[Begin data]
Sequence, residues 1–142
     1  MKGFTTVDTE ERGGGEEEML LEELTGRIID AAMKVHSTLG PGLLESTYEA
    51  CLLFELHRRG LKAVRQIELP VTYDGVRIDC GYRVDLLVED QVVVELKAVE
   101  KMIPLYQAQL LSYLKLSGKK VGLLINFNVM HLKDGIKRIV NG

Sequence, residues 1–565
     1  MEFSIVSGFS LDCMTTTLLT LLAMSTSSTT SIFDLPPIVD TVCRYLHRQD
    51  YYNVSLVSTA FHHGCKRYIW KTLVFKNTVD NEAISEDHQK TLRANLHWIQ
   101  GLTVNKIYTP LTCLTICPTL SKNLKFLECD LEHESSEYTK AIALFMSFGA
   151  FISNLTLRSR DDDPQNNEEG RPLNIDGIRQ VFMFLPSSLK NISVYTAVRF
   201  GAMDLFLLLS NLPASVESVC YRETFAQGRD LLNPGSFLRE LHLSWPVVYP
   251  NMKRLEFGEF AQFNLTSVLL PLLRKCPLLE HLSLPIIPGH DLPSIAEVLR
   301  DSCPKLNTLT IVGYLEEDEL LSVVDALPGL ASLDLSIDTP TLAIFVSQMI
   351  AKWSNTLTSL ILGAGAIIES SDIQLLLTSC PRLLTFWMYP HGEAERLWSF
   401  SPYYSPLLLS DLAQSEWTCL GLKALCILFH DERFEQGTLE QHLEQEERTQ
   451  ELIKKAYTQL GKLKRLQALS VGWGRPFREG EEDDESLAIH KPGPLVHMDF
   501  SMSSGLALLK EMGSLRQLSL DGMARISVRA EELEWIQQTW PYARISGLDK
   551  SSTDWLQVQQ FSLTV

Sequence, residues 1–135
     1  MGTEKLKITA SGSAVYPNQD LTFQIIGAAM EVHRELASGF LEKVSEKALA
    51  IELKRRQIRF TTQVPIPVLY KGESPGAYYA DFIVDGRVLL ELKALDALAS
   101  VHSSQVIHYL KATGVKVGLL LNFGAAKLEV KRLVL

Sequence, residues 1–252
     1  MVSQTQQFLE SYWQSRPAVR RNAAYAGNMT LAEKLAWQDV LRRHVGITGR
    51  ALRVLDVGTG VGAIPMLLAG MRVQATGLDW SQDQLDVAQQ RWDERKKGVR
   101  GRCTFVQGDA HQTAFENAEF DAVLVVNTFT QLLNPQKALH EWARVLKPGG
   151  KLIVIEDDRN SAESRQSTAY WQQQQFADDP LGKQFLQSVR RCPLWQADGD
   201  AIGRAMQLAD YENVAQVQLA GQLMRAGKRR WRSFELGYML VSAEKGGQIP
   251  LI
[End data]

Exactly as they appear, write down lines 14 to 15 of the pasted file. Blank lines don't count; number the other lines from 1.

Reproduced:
   401  SPYYSPLLLS DLAQSEWTCL GLKALCILFH DERFEQGTLE QHLEQEERTQ
   451  ELIKKAYTQL GKLKRLQALS VGWGRPFREG EEDDESLAIH KPGPLVHMDF